Include Me Please

I walked into a classroom recently where the student-teacher I supervise for the university had made a sorting chart with the children.  On one side was the label NATURAL and on the other MANMADE.   In each section of the chart, the children had pasted appropriate items.  In the lesson I was observing, my student teacher was talking about community helpers and referred to them as firemen, policemen and garbage men.  

In our post-lesson conference I mentioned that MADE BY PEOPLE would have been a better chart heading than MANMADE  and that words like firefighters, police officers and sanitation workers were more inclusive than firemen, policemen and garbagemen.   Apparently, my student teacher’s exclusive language had already been pointed out by the regular classroom teacher and my student was a little embarrassed about unconsciously slipping back into using terminology that might send the wrong message to the girls in the class or children who may not be sure about their gender identity. In another class I visited, the student-teacher was leading a science lesson on the characteristics of animals.  Every single time an animal was mentioned she referred to it as ‘he’.  In the post-lesson conference I suggested that perhaps the word ‘she’ could have been used equally when referring to animals or a more neutral ‘it’ could have been used. The student agreed completely telling me how dedicated she was to feminist ideals. She thanked me for pointing out the exclusivity of her language.  

Language is a powerful thing and using exclusive language in even little ways sends a subtle message to some children that they aren’t included.  We’ve come a long way since my childhood when exclusively male language was the norm but there is still reason to be vigilant about trying to raise a new generation for whom the use of inclusive language is a natural thing.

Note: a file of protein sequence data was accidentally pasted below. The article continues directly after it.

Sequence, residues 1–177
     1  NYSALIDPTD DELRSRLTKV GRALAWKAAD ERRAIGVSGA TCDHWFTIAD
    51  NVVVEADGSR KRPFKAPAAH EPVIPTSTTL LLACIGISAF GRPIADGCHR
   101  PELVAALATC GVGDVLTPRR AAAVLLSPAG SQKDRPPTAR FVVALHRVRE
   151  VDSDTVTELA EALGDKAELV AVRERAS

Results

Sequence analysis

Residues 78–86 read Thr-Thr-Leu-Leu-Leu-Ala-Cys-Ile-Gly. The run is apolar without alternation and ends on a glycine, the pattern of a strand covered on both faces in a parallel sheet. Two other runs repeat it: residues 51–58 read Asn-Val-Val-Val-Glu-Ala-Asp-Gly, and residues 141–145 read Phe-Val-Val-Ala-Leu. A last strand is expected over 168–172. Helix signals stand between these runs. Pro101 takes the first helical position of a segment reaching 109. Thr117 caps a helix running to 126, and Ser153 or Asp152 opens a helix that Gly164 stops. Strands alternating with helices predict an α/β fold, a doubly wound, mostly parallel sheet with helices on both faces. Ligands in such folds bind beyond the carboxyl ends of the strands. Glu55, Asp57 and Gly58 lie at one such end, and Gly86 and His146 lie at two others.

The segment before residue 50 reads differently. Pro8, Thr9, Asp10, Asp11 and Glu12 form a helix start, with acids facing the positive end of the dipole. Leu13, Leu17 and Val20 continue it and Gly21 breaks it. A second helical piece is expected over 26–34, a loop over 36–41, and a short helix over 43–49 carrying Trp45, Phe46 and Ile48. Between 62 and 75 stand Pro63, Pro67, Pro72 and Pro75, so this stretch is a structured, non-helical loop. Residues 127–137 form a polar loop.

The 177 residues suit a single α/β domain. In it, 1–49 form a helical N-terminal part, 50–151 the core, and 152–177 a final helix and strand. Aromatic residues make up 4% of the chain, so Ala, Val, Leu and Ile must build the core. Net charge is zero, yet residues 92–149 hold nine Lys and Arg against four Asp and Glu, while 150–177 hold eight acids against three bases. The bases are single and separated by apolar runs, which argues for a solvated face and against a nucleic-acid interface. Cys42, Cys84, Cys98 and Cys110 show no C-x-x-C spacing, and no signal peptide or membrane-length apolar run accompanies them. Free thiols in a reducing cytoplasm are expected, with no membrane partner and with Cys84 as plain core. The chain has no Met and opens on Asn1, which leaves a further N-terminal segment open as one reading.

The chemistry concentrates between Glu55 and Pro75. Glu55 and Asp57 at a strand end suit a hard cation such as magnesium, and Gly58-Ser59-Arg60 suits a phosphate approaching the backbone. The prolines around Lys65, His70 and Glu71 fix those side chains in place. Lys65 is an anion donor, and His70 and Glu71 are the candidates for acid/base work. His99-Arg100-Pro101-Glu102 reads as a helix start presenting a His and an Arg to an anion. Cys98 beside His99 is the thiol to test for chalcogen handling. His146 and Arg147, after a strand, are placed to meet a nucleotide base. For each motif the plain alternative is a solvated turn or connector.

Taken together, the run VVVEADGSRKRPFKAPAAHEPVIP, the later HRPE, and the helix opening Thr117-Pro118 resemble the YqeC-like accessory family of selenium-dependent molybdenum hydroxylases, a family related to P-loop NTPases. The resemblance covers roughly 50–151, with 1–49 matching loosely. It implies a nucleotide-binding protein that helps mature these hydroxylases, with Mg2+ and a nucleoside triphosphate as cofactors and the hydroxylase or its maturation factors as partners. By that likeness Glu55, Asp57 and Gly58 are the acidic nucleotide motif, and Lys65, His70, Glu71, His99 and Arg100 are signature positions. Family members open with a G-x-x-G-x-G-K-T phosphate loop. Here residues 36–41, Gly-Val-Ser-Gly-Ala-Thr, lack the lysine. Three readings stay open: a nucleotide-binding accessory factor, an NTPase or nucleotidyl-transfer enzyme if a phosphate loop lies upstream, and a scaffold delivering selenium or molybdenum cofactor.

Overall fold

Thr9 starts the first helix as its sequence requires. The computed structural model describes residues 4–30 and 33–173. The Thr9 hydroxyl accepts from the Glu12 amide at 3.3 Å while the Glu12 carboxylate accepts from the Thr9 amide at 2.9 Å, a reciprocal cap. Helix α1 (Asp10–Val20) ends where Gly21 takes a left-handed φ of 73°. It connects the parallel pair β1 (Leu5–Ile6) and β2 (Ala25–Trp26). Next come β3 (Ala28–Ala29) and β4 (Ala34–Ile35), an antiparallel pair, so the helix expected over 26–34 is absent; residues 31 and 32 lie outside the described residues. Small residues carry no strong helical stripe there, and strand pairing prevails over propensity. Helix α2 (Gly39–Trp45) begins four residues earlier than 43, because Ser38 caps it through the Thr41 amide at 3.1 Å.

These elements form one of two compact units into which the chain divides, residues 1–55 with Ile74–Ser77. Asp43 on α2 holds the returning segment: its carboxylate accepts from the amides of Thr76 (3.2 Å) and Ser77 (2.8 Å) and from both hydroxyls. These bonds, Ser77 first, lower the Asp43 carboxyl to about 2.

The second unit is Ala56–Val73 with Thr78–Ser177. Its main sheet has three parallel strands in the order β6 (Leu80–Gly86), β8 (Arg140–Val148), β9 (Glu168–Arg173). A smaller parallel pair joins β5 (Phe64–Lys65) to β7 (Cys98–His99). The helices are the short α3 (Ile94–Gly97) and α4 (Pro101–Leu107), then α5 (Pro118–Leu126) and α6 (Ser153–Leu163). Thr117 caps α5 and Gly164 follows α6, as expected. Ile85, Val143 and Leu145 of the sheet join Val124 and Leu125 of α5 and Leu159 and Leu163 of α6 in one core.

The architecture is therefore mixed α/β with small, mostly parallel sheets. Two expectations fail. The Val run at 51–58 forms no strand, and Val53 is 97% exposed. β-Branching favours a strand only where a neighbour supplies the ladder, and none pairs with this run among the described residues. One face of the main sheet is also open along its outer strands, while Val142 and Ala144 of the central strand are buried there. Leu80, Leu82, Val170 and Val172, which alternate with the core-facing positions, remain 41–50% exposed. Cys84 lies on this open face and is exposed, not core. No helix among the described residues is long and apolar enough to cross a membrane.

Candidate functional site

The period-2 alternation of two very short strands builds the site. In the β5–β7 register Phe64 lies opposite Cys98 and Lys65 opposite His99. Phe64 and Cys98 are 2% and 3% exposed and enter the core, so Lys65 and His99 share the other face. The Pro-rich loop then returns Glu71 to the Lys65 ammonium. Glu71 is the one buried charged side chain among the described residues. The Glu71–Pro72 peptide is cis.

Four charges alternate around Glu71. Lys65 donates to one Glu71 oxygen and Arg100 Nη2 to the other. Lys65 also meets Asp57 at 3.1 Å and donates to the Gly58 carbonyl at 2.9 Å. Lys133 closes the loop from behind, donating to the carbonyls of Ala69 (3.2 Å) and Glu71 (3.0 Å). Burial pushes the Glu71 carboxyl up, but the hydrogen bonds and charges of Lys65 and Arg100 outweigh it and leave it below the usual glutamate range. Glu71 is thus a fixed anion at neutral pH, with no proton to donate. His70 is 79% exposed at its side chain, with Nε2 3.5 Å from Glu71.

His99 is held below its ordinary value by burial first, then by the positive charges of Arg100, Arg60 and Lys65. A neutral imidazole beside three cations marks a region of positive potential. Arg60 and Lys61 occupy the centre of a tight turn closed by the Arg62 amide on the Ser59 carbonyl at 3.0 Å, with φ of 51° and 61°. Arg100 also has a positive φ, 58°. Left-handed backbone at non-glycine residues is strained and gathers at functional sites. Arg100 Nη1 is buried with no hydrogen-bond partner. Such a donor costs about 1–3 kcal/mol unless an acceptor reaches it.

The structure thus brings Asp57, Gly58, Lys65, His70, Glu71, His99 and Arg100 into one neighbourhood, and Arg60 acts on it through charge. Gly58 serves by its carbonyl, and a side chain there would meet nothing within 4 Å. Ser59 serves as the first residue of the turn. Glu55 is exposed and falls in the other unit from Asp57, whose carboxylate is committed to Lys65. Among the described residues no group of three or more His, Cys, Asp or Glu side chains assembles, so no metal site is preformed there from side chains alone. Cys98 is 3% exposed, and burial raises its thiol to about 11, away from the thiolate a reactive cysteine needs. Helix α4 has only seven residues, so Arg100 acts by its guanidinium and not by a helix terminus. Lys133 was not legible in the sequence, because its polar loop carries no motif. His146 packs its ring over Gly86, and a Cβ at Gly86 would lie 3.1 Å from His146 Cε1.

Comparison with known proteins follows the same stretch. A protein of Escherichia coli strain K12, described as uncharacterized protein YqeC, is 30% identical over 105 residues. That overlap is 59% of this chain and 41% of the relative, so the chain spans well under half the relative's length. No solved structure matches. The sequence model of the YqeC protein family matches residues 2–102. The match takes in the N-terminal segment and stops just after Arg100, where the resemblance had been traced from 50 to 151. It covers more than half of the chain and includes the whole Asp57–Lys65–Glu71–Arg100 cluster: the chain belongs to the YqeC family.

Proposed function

Other posts……….

I Remember When……..

Proud of the New Words to Canada’s National Anthem

From Pale and Weak to Platoon Commander



Filed under Education

3 responses to “Include Me Please

  1. Katie

    I am sensitive to this as well. When I was a naturalist intern at a National Park, my supervisor called all animals “she” unless they were known to be male. I like to do this, too. In our church the pastors never refer to God as “he,” which I appreciate, though it does lead to contrived-sounding language sometimes. Also on Mother’s Day a church choral ensemble sang “The Lord is my Shepherd,” and throughout the entire song referred to the Lord as “she.” It was very moving.

    Liked by 2 people

    • Thanks for sharing those stories Katie. I think changes are happening. I work at an art gallery and had a tendency to refer to animals in sculptures and paintings as ‘he’ until students on my tours began to point this out to me and realized how exclusive I was actually being and so now I am passing on my own learning to my university students.


  2. gabe

    Yes, we must be vigilant, but we’re moving in the right direction. When I was little, for some reason… I thought cats were girls and dogs were boys. 😦


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